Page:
Automated Documentation Previews

Jun 4, 2020


Greetings, and welcome to my first blog post at The C++ Alliance.

I’ve recently begun working on an interesting project for the Alliance which might also have more widespread applicability. The same requirement could possibly apply to your organization as well.

Consider an open-source project that has multiple contributors who are submitting changes via pull-requests in Github. You’d like to have assurances that a pull-request passes all tests before being merged. That is done with continuous integration solutions such as Travis or Circle-CI, which are quite popular and well-known. Similarly, if the submission is documentation, you would like to be able to view the formatted output in it’s final published format so you can review the layout, the colors, and so on. What would be the best way to build and publish documentation from pull requests?

Perhaps the first thought would be to include the functionality in Travis or Circle-CI. And that is certainly possible. However, in some cases there may be sensitive passwords, ssh keys, or other tokens in the configuration. Is it safe to allow random pull requests, from conceivably anyone on the whole internet, to trigger a Circle-CI build that contains authentication information? Let’s explore that question, and then present a possible alternative that should be more secure.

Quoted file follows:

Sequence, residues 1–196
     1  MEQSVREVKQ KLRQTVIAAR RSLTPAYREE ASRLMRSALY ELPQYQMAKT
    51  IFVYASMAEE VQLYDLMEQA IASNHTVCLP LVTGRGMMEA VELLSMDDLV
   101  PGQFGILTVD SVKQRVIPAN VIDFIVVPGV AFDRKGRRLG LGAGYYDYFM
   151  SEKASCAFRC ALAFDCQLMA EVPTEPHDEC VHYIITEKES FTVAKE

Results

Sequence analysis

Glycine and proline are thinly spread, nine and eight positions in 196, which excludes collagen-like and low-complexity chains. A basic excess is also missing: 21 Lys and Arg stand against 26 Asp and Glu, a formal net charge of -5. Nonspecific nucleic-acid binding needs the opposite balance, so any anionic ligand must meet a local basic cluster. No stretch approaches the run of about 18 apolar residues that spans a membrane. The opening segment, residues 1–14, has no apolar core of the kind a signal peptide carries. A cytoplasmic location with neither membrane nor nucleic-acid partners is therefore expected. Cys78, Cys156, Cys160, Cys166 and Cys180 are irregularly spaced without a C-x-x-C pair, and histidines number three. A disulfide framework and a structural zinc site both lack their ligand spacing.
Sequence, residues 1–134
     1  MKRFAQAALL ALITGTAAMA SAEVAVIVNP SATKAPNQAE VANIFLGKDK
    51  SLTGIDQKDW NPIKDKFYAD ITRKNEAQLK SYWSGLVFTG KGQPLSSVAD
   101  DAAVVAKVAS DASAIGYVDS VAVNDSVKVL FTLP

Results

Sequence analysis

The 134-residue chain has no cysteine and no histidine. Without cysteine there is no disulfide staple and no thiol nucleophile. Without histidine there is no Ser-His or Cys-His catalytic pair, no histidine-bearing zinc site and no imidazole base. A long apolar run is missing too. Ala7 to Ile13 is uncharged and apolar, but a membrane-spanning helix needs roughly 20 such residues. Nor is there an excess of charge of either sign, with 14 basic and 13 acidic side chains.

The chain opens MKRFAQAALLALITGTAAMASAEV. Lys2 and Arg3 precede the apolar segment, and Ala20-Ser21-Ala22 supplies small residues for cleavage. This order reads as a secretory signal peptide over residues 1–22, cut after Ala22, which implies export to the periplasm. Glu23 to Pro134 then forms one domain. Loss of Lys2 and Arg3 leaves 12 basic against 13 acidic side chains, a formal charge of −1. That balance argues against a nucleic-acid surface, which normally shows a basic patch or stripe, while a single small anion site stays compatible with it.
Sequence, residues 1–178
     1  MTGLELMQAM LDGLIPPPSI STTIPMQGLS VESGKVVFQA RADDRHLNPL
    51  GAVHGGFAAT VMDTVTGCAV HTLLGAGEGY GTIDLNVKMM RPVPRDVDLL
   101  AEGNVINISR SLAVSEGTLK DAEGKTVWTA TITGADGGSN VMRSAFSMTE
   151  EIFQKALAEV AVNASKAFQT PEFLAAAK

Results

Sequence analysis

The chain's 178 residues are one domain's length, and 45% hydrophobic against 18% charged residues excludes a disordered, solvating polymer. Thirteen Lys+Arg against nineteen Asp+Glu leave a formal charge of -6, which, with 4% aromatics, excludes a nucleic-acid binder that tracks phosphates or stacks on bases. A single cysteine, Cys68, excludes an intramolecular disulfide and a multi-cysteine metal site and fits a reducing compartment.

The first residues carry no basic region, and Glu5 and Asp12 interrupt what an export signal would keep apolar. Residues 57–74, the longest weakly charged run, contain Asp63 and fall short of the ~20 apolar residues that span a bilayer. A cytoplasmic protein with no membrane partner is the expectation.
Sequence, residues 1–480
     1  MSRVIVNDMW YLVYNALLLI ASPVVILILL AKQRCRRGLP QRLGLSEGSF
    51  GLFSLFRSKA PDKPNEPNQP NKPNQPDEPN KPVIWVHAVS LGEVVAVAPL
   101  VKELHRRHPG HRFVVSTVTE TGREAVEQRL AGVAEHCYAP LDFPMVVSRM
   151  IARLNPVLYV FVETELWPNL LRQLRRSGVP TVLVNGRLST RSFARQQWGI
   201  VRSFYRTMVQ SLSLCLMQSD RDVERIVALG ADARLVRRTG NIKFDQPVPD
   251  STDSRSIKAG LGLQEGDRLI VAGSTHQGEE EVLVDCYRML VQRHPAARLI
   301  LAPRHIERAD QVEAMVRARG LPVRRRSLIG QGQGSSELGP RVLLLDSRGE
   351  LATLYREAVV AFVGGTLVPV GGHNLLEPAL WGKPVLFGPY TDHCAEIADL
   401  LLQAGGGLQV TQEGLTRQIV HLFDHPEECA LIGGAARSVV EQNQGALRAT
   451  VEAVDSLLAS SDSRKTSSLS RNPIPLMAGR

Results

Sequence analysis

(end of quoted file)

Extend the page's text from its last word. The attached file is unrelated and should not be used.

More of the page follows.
In Circle-CI, you can choose to enable or disable jobs for Pull Requests. It’s clearly safer to leave them disabled, but if the goal is to run automatic tests, this feature must be turned on. Next, you may choose to enable or disable access to sensitive keys for Pull Requests. This sounds like a great feature that will allow the jobs to be run safely. You could build Pull Requests with limited authorization. But what if you’d like to include secret keys in the build, that are needed to publish the documentation to an external server which is going to host the resulting content. After building the docs, they must be transferred to wherever they will be hosted. That means you must either include the secret keys in plain text, or toggle the setting to enable sensitive keys in Circle-CI.

Let’s briefly think about the latter option. If secret keys are enabled in Circle-CI, they are not outright published or visible to the end-user. The build system obfuscates them. The obfuscation is a good first step. Unfortunately, there’s a file called .circleci/config.yml in the project, which contains all the commands to be run by the build system. A pull request could modify that file so that it prints the secrets in clear text.

What can be done?

The answer - which is not overly difficult if you already have some experience - is to run an in-house build server such as Jenkins. This adds multiple layers of security:

  • Optionally, does not publicly print the build output.
  • Optionally, does not run based on a .circleci file or Jenkinsfile, so modifying the configuration file is not an avenue for external attacks.
  • For each build job, it will only include the minimal number of secret keys required for the current task, and nothing more.

While the new system may not be impregnable, it’s a major improvement compared to the security issues with Circle-CI for this specific requirement.


Here is a high level overview of how the system operates, before getting into further details.

A jenkins server is installed.

It builds the documentation jobs, and then copies the resulting files to AWS S3.

The job posts a message in the GitHub pull request conversation with a hyperlink to the new docs.